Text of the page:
Interestingly, expression of constitutively active PKA in HepG2 cells inhibits both rifampicin and PCN-mediated hPXR and mPXR transactivation, respectively, whereas PKA activation with 8-Br-cAMP in humanized mouse hepatocytes results in potentiation of rifampicin-mediated induction of Cyp3a11 mRNA expression (23). These results led to the hypothesis by Lichti-Kaiser et al. that the observed species-specific interaction between PKA and PXR in hepatocytes is a function of how PKA signaling interfaces with CYP3A gene expression across species and not of the differences in primary amino acid sequences in the human and mouse PXR proteins. Moreover, these results provide compelling evidence for pronounced species-specific differences in the coupling of pivotal kinase cascades and PXR activity. The results of PKA suppression of hPXR activity and subsequent CYP3A4 gene expression in human primary hepatocytes and HepG2 cells provide a potential molecular mechanism for the repression of CYP3A gene expression during inflammatory conditions with enhanced PKA activity.

Expression of constitutively active PKA enhances the strength of the rifampicin-sensitive interaction between hPXR and NCoR in CV-1 cells (23). Activation of PKA signaling with 8-Br-cAMP strengthens the agonist-induced interaction between mPXR and coactivator proteins SRC-1 and PBP in CV-1 cells (11). These data suggest that PKA regulates PXR activity, in part, through its ability to modulate PXR-coregulator interaction. However, the site(s) on PXR phosphorylated by PKA and whether PKA phosphorylates coregulators to exert its effects on PXR remain to be studied.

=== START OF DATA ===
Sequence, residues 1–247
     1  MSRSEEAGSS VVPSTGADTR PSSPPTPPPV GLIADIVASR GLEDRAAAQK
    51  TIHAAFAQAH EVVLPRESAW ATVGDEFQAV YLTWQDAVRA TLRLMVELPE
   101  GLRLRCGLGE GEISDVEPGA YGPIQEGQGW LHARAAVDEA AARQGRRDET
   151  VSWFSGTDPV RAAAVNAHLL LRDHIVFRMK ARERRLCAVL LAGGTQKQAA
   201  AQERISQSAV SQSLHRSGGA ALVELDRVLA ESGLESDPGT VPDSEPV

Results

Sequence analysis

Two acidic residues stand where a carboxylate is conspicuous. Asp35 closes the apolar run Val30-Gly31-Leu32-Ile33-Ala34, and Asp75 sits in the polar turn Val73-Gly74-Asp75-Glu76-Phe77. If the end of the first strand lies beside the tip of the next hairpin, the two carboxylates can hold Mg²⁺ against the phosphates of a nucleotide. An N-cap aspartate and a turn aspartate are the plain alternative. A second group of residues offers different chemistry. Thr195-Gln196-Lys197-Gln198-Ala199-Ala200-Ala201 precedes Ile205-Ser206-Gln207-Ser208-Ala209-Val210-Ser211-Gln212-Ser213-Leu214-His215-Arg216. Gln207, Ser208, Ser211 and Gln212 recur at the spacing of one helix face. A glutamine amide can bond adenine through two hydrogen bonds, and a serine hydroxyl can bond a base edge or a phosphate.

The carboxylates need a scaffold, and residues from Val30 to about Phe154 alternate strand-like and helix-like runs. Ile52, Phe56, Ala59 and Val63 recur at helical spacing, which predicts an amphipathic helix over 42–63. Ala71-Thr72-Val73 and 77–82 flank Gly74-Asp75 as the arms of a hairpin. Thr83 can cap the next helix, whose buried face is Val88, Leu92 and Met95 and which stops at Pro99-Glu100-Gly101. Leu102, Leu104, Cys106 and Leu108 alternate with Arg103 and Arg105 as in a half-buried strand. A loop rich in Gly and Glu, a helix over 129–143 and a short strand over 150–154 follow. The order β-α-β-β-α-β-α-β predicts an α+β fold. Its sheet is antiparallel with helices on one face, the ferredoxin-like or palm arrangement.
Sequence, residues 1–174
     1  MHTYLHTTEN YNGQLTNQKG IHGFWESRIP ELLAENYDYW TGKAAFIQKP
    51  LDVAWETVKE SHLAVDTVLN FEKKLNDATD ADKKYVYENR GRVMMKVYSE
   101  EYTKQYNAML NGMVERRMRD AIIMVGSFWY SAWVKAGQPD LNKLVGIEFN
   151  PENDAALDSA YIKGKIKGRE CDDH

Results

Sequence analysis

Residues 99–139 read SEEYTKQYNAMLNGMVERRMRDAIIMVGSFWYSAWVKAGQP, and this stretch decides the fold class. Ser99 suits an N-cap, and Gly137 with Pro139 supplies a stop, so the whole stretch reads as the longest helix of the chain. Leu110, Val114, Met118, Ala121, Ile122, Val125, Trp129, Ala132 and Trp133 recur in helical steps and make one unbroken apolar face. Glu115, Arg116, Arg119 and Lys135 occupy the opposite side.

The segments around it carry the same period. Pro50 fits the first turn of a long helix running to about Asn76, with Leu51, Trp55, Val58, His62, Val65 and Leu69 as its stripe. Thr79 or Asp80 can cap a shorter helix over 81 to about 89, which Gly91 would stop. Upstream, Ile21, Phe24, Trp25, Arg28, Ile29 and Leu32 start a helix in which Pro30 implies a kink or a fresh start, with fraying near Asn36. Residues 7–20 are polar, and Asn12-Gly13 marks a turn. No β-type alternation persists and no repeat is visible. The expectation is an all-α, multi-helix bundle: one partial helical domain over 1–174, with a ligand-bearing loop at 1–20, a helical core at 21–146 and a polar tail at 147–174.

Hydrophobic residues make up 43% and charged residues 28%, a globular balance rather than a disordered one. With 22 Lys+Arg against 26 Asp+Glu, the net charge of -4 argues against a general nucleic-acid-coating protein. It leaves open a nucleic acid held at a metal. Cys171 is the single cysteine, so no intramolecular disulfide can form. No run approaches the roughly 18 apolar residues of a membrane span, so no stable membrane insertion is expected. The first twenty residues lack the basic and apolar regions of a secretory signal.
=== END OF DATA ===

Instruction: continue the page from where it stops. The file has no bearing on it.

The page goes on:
3. Conclusion

ADRs are a serious public health problem. Adverse drug interactions mediated by the CYP-mediated drug-metabolizing pathway are one type of preventable ADRs. Repression of CYP expression contributes to adverse drug interactions. Since the expression of CYPs, especially CYP3A, is controlled by PXR, understanding the molecular mechanisms responsible for the PXR-mediated repression of CYP expression is critical to predict and prevent therapy-induced adverse drug interactions. Repression of CYP expression occurs under various clinical conditions, for example, when hepatocytes proliferate or during inflammation (hepatic or extra-hepatic). Several studies have begun to reveal the molecular mechanisms responsible for PXR-mediated repression of CYP expression. Direct phosphorylation and inhibition of PXR is one such mechanism, and kinases such as Cdk2, PKA, PKC, and p70 S6k have been shown to directly phosphorylate and inhibit PXR. Another mechanism is the phosphorylation and inhibition of PXR coregulators to indirectly attenuate the function of PXR: the PI3k-Akt pathway inhibits PXR indirectly by phosphorylating and inhibiting FKHR, a coactivator of PXR. Interaction of PXR with other signaling molecules is another mechanism for downregulation of PXR; NF-κB interacts with the PXR-RXR heterodimer and attenuates the function of PXR. Other possible mechanisms include downregulation of the expression or stability of PXR.

4. Expert opinion

Multiple mechanisms seem to be involved in downregulating the function of PXR and leading to the repression of CYP expression. Although multiple kinases (Table 2), such as Cdk2 (50), PKA (11;23), PKC (12;23), and p70 S6K (16), have been shown to directly phosphorylate PXR and possibly lead to the repression of CYP expression, and functionally significant amino acid residues (i.e., Ser350 and Thr57 of the hPXR) (Table 2) (16;50) have been linked to a phosphorylation-related function, no specific amino acid has been shown to be phosphorylated by these kinases. Future studies need to focus on comprehensively identifying all the functional kinase-specific phosphorylation sites on hPXR in order to define the mechanism leading to kinase-mediated inhibition of PXR and repression of CYP expression.